While most people might not realize it, a fascinating employment law case is currently playing out here in Minnesota that may serve to define the extent to which employers can shift health care cost to their employees based on the results of behavior-based testing.
The case in question involves Honeywell, which was originally founded in Minneapolis and remains one of the Twin Cities’ larger employers. The company has recently instituted a new health screening policy mandating that all employees and their spouses must submit to extensive biometric testing that measures blood pressure, glucose and cholesterol, and which also detects signs of smoking.
The controversial new health screening policy came to the attention of the Equal Employment Opportunity Commission, which filed a lawsuit seeking a temporary injunction to effectively shut down the testing on behalf of two Honeywell employees.
According to the EEOC complaint, Honeywell’s health screening policy violates both the Genetic Information Nondiscrimination Act and the American with Disabilities Act. Furthermore, the agency argues that those employees and spouses who refuse to participate can face up to $4,000 in penalties and increased health costs, and that the health screening policy itself fails to support any business-related necessity.
“The thing that is important about these cases is not that they are wellness or health programs, but that the company is requiring testing and asking disability questions when it’s not job-related,” said one EEOC attorney. “They can only do that in situations where it’s voluntary for the employee to answer.”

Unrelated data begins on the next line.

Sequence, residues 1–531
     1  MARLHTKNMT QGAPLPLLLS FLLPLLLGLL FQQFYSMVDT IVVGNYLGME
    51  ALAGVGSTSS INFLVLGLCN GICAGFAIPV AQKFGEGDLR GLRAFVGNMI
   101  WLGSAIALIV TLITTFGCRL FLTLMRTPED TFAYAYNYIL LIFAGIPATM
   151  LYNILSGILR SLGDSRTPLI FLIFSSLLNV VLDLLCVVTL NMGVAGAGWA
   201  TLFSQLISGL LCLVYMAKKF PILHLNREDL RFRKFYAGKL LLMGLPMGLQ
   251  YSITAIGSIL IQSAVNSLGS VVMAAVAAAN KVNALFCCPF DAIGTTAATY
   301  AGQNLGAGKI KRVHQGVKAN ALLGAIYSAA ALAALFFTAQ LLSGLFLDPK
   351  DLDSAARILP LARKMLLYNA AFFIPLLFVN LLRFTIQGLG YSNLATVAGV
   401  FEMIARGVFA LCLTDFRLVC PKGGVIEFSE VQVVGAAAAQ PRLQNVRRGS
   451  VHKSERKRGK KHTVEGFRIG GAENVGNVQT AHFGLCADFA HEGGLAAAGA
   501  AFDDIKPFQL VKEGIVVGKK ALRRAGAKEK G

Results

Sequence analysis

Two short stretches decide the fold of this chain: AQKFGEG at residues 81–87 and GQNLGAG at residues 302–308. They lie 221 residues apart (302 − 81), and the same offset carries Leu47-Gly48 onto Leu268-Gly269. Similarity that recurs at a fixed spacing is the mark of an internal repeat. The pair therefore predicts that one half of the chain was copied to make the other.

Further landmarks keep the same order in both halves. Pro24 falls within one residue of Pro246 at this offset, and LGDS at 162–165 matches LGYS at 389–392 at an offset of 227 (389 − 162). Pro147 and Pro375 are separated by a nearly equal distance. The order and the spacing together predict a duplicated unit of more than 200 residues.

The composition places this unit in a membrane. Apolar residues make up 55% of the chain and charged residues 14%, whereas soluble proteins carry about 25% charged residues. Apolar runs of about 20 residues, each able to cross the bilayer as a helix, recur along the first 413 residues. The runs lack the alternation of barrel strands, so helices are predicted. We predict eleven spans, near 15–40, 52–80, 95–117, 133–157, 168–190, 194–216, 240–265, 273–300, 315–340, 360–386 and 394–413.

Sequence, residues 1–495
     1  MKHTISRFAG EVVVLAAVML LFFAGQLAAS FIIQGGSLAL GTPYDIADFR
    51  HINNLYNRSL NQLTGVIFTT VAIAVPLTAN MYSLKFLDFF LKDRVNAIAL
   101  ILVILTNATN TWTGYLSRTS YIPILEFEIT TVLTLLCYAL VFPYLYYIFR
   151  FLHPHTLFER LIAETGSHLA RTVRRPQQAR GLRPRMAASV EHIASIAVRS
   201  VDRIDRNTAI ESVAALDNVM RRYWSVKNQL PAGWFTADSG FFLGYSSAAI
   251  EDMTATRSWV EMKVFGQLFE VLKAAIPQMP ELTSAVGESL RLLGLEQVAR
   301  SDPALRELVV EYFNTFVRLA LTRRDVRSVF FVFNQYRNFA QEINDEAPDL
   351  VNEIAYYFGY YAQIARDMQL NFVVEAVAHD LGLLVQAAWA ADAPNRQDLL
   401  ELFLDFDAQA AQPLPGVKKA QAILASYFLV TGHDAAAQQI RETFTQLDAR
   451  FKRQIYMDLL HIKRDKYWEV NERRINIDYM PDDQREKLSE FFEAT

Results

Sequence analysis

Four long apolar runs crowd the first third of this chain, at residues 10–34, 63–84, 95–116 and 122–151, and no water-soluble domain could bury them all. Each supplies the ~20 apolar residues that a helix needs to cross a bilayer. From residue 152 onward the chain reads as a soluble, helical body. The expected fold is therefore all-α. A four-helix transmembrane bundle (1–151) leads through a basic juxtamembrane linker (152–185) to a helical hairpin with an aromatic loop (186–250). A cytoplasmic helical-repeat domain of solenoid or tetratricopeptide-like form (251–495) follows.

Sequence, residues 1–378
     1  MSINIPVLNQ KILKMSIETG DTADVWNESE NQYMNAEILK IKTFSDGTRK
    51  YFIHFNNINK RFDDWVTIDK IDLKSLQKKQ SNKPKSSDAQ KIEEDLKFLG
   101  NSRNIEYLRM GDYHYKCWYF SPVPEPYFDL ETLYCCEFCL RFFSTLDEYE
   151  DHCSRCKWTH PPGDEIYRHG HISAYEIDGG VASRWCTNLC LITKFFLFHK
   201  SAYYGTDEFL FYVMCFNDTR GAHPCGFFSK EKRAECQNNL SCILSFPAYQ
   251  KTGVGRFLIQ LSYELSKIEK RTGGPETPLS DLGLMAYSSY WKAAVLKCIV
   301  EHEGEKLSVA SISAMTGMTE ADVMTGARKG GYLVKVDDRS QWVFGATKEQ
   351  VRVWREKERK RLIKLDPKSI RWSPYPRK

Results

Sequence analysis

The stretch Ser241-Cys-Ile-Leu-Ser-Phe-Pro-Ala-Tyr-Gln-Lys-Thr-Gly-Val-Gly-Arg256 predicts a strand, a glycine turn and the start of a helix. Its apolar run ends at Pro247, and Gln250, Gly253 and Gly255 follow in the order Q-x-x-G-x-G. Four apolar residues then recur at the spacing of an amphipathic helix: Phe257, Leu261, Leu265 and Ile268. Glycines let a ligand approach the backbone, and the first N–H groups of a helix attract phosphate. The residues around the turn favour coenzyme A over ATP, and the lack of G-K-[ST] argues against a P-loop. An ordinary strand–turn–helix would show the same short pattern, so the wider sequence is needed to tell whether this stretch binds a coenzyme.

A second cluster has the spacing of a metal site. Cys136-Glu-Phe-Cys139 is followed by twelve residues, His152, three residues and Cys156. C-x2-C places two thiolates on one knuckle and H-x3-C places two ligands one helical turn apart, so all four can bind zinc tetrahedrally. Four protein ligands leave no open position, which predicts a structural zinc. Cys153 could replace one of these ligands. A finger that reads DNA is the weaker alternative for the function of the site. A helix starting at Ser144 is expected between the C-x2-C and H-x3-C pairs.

For its part, Honeywell defends the health screening policy as being in strict compliance with both the Affordable Care Act and HIPPA. It also argues that the policy helps lower costs for all parties while furthering wellness among employees.
In recent developments, it appears Honeywell is free to proceed with its health screening policy for the time being, as a federal judge in Minneapolis denied the EEOC’s request for the temporary injunction earlier this week.
It will be very interesting to see how this matter plays out in coming months. Stay tuned for developments.
Consider speaking with an experienced legal professional if you have questions or concerns about wage and hour laws, discrimination or any other employee rights matter.
Sources: Insurance Journal, “Judge: Honeywell may penalize Minnesota workers who refuse health tests,” Nov. 5, 2014; Fox Business, “EEOC sues Honeywell on behalf of 2 Minnesota employees who object to health screening policy,” Oct. 29, 2014